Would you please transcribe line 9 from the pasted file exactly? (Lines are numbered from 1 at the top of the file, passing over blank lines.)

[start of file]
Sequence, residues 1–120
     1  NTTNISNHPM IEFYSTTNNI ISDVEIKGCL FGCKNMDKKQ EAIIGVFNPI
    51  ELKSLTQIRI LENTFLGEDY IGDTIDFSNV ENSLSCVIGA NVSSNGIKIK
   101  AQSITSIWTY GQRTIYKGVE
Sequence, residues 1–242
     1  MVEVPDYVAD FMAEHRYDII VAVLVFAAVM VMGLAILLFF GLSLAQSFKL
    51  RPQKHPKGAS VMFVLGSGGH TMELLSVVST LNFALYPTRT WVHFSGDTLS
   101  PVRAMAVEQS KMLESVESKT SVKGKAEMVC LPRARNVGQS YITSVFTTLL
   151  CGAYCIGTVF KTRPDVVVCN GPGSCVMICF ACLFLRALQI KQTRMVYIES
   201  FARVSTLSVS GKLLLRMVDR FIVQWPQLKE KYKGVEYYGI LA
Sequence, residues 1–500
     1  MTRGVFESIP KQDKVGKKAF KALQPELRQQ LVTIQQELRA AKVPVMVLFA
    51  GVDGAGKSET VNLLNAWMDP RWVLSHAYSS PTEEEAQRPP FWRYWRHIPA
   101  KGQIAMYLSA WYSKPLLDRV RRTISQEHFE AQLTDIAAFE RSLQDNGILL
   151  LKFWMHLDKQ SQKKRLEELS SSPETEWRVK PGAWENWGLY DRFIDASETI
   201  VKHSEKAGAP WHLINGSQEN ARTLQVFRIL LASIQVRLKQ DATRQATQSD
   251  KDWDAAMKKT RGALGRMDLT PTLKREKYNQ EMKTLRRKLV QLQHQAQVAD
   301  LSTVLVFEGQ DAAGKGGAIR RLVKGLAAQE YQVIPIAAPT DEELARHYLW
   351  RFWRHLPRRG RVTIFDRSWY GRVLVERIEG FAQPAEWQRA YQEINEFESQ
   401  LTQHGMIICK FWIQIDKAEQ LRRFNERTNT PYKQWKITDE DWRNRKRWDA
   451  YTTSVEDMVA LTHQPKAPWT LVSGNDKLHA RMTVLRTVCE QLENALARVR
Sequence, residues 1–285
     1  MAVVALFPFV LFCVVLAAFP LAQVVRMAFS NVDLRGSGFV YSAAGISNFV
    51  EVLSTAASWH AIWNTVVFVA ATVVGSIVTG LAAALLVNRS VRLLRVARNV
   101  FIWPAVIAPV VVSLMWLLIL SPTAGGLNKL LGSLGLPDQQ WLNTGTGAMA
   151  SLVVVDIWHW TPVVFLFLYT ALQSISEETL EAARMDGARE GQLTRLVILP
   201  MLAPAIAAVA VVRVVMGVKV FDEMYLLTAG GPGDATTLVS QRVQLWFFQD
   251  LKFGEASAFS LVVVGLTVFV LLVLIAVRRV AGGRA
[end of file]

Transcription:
   151  CGAYCIGTVF KTRPDVVVCN GPGSCVMICF ACLFLRALQI KQTRMVYIES